Back in training: A silver lining for Dubai players, coaches

UAE Under-19 captain Aryan Lakra. - Supplied photo
UAE Under-19 captain Aryan Lakra. - Supplied photo

Dubai - They are eager to venture into the new normal after Dubai Government's new guidelines laid the groundwork for a return to sport



By James Jose

Published: Wed 27 May 2020, 9:08 PM

Last updated: Thu 28 May 2020, 5:07 PM

The Dubai Government's new guidelines laying the groundwork for a return to sport has come as a silver lining for players and coaches.
For almost two months now, they have been in lockdown and have been individually training by using virtual means. But now, with the Dubai Sports Council (DSC) issuing a framework for a resumption of sporting activities, players and coaches are eager to venture into the new normal.

UAE Under-19 captain Aryan Lakra, Dubai-based Indian badminton star Tanisha Crasto as well as cricket academy coaches Presley Polonnowita and Sudhakar Shetty welcomed the move but said they would have to tread with caution in the current climate.
"From the UAE perspective, we haven't received anything officially yet but everyone's been training at home," Aryan told the Khaleej Times on Wednesday.
The Emirates Cricket Board (ECB) is set to send out its own circular in line with the government's guidelines and the International Cricket Council's (ICC) recommendations, in the coming days.
"I felt really good because I've been sitting at home for the past couple of months and I've been dying to get out on the field. This is great news for all of us and even though there are some measures we need to take to ensure everyone's safety, I'm hoping cricket training starts as soon as possible," he added.
And Aryan said that it has been a learning experience during the lockdown.
"I was called for the men's camp just after I got back from the Under-19 World Cup and I trained with them for a couple of months before this lockdown and it was a great experience for me because there are a lot of players in the men's team who are playing in different leagues around the world and they have immense experience. There's always a lot to learn from them. You learn a lot just by listening to them or watching them do their thing. On top of that, we have (UAE senior team coach) Robin Singh and training under him has been great. He has been working hard with us and if it wasn't for this lockdown, we could've seen more and more improvements in our game," he explained.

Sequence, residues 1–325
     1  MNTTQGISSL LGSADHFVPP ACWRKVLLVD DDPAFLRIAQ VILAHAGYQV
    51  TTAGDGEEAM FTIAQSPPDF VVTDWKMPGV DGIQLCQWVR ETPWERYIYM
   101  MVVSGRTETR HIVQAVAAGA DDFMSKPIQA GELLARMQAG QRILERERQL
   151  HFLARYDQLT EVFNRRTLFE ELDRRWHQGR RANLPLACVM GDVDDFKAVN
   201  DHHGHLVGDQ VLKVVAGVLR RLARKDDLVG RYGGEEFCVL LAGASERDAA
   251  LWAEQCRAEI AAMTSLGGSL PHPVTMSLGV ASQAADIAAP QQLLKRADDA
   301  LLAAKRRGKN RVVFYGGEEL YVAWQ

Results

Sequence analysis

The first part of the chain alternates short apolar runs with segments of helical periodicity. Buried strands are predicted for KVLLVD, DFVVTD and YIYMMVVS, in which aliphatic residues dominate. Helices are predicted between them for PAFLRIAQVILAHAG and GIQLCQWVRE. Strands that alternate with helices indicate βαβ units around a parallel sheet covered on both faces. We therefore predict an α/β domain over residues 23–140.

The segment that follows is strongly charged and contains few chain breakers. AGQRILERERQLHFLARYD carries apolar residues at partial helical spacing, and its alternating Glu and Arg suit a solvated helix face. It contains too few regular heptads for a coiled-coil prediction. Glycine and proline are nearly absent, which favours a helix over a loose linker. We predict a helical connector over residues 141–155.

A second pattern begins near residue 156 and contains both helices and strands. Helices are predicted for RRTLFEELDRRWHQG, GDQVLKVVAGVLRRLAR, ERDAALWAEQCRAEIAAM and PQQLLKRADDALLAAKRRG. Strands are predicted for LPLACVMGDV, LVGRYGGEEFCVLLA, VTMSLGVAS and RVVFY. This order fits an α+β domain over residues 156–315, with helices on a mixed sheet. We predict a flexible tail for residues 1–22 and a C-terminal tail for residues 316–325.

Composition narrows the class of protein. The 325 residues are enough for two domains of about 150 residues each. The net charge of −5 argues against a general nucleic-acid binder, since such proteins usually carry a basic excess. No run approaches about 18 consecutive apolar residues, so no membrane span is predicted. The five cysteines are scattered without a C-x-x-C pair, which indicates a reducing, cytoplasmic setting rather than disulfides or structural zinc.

During the lockdown, apart from the programme given out by the ECB, Aryan also worked on the basics of his game.
"Our trainer at the ECB gave us a six-day programme in which we do three days of training with him and the other three days, we do work by ourselves. It has been a hard time for everyone but individually, I didn't let this bring me down. I thought of this as a wonderful opportunity to work on the basics of my game and that can only be done through the small and basic drills for your batting and bowling. So, I've been spending a lot of time doing my drills apart from fitness," said Aryan.

Dubai-based Indian badminton star Tanisha Crasto
Meanwhile, Tanisha had already hit the courts at the Prime Star Sport Academy in Karama three days ago as part of the DSC video shoot highlighting the highest standards of public safety and health protection.
"I had gone for a shoot so I got to train a little bit for the three days," said Tanisha.
"I've never been so happy because after two months, to be finally getting back on the court was not only hard but it was very, very, very nice. It was just wonderful to get back on the court and I really learnt the value of how important this is," she added.
Tanisha, the junior India No.1 in doubles said that she didn't feel rusty despite being off the courts since March.
"During the lockdown, I would go down running, home workouts so it wasn't exactly that bad. I was able to move well, I was able to jump so I didn't face any problems as such. Only a bit on the strokes but I think in a week or two when I keep practicing, I will get that back," felt Tanisha, who represented India at the World Junior Championship in 2018 and 2019.